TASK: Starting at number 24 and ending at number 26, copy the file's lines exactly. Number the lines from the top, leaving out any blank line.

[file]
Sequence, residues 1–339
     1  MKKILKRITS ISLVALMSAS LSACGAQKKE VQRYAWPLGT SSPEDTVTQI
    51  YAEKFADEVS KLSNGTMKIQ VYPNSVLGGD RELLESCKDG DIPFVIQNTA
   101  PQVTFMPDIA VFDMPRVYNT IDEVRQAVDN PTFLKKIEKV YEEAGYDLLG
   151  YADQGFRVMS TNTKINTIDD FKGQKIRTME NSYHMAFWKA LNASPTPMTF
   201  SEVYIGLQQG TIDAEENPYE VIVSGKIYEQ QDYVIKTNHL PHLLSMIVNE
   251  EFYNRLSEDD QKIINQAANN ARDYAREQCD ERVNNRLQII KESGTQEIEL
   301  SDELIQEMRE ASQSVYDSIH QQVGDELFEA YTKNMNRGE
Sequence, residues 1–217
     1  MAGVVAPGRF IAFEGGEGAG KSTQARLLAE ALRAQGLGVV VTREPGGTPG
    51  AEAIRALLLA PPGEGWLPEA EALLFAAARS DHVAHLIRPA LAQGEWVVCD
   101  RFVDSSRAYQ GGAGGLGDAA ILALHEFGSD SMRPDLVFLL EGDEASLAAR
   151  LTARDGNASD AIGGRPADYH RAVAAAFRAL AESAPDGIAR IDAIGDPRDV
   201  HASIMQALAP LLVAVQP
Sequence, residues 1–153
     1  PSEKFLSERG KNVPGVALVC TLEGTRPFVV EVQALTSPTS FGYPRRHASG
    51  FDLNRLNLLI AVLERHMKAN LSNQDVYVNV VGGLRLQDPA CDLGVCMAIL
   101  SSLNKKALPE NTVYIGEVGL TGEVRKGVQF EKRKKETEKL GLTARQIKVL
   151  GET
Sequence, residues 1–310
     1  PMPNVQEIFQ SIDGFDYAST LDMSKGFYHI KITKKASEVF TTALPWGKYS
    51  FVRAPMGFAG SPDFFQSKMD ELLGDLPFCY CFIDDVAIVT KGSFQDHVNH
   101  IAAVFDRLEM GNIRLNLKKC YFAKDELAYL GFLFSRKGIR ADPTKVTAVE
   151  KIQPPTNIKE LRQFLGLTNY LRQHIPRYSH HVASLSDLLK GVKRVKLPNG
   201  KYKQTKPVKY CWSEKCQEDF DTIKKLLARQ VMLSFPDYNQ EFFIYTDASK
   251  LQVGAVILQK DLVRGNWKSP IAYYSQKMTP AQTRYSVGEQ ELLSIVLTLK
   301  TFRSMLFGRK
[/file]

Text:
   151  KIQPPTNIKE LRQFLGLTNY LRQHIPRYSH HVASLSDLLK GVKRVKLPNG
   201  KYKQTKPVKY CWSEKCQEDF DTIKKLLARQ VMLSFPDYNQ EFFIYTDASK
   251  LQVGAVILQK DLVRGNWKSP IAYYSQKMTP AQTRYSVGEQ ELLSIVLTLK